Living & coping with Disembarkment Syndrome (MdDS) - an interview with a long-term sufferer
Motion-Sickness-Guru.com's information about Disembarkment Syndrome (MdDS) is consistently one of the site's top-ranked pages, so I am delighted to bring you this interview with Jane Houghton, founder of MdDS support group mdds.org.uk and MdDS sufferer since 2001.
In addition to giving solid information and advice, Jane is a great encouragement and inspiration, proving that debilitating though MdDS can be, there are
ways of coping with it.
Jane, thank you so much for agreeing to answer some questions about Mal de Debarquement Syndrome. I know that a lot of Motion-Sickness-Guru.com's visitors are searching for information on this distressing 'reverse seasickness' condition, so what you have to say will certainly have an appreciative audience.
First of all, can you tell us what triggered your MdDS?
My MdDS started back in July 2001 when I spent a long weekend onboard a small boat (it slept six of us) in Palma, Spain. During the day we took the boat out to sea, and one evening when I went onshore to use the marina washrooms I noticed that I still felt as if I was on the boat - I could both see and feel the motion, and the sink appeared to float up to meet me. I recall being in a restaurant on the quayside and the table was bobbing and swaying...
So you've now had MdDS for over a decade! In that time, have you experienced any changes or improvement/deterioration in your condition?
Yes, it's almost 11 years since I got MdDS. I have never had a period of remission in all that time. Over the years some of the symptoms have altered and changed slightly, but sadly the main one - the sensation of movement - has remained the same.
For the first 18 months I actually felt nauseous and sick with all the phantom motion, but thankfully that eased, and nowadays I only feel nauseous on a particularly bad day, when 'my seas' are extremely rough!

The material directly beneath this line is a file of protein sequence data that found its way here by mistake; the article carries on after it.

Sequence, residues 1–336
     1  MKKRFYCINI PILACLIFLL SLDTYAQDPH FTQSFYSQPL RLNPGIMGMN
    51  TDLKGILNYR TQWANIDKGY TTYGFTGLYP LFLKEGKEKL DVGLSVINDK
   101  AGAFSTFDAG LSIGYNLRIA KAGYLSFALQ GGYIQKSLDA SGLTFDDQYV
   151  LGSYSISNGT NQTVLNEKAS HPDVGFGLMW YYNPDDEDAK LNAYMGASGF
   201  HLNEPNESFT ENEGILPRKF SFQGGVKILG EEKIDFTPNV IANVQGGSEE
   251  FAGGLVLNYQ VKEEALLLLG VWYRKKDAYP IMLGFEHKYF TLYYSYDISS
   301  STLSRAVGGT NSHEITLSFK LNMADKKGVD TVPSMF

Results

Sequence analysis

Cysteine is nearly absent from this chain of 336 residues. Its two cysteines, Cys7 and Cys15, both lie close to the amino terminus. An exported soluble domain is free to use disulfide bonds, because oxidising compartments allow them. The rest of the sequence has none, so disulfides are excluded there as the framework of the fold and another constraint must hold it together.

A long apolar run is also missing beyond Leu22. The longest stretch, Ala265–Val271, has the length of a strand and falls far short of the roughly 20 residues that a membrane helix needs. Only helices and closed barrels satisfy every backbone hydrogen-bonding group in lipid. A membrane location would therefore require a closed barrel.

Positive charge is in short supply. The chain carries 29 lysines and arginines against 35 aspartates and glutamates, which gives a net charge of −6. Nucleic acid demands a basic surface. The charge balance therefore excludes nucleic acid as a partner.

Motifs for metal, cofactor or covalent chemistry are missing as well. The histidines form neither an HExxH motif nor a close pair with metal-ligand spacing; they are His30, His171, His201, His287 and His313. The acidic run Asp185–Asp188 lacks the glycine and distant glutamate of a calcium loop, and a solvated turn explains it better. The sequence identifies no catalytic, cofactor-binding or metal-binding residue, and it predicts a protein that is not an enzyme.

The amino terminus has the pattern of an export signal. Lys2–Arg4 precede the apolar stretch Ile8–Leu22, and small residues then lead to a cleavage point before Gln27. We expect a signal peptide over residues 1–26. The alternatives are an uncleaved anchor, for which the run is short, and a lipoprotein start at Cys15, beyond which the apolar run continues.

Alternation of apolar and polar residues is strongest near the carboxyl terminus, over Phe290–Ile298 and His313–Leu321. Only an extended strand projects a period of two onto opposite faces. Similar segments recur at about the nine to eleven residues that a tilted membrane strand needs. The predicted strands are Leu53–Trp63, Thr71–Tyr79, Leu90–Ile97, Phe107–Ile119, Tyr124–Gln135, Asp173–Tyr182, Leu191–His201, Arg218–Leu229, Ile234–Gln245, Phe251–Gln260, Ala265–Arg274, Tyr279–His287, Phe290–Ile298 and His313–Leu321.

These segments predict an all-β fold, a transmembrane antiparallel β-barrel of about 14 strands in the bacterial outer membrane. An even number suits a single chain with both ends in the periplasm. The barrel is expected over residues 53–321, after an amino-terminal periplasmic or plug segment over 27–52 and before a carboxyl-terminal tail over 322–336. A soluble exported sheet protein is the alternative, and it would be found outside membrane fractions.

Three months into getting MdDS I developed tinnitus in both my ears and it has remained with me ever since. I now find that laying down eases the feeling of motion, but for several years I likened it to sleeping on a water bed (although I had never had any experience of that!) - suffice to say I could still feel the motion when lying down.
Are there circumstances where you feel normal again? For example, on a boat, or on other transport?
Yes, those who suffer with MdDS always feel better when back in motion. This can be any kind of transport, and since I have had MdDS I have been back on boats, planes, trains, cars, even white-knuckle fair-ground rides. It is the only time we feel 'normal'.
Why this is we, as yet, do not know. There is a theory that the actual motion masks our MdDS, but of course, we need research to discover the truth.
MdDS is still a little known condition. Did you have problems obtaining a diagnosis? How helpful was your family doctor?
Trying to get a diagnosis was the darkest period in my life. It took me over a year to finally get an official one. My doctor initially treated me for motion sickness. When there was no improvement, he sent me for a MRI brain scan, thinking it must be a brain tumour because what else could be affecting my vision in this way? The scan came back clear (thankfully!) and the neurologist couldn't find anything wrong with me. I was then sent to an Ear, Nose & Throat (ENT) specialist. Once again after a battery of tests all the results came back clear or normal. The specialist knew I had something wrong with me, but didn't know what, so I was labelled as having a balance disorder, despite the fact that my balance was perfect.
I felt like I was being cast-aside, overlooked, and I started to wonder if they thought I was making it all up, that it was literally just all in my head. I began to think that I might be having a breakdown. After all, nothing showed up in any of the tests.
I spiralled into depression, and my doctor, relieved that he could actually treat me for something at last, put me on antidepressants. But that was all he did. I remember visiting him when I was still desperately trying to discover what was wrong with me and asking him for the details of a vertigo support group (vertigo was the only thing that seemed to be slightly similar to what I was experiencing, although I wasn't experiencing spinning sensations), and he couldn't even provide me with that.
As desperately low as I felt, I refused to give up on searching for a diagnosis. I refused to be fobbed off with the 'one size fits all' label of having a balance disorder. I started searching the Internet for answers, at which point my doctor told me, and I quote, to "lay off it as you are becoming obsessed."
My goodness, it's clear that you needed real determination and perseverance to keep going through this period. Fortunately, you did finally find some light at the end of the tunnel, didn't you?
Yes, in February 2002 I received a reply to an e-mail I had sent to the Vestibular Disorders Association (VEDA)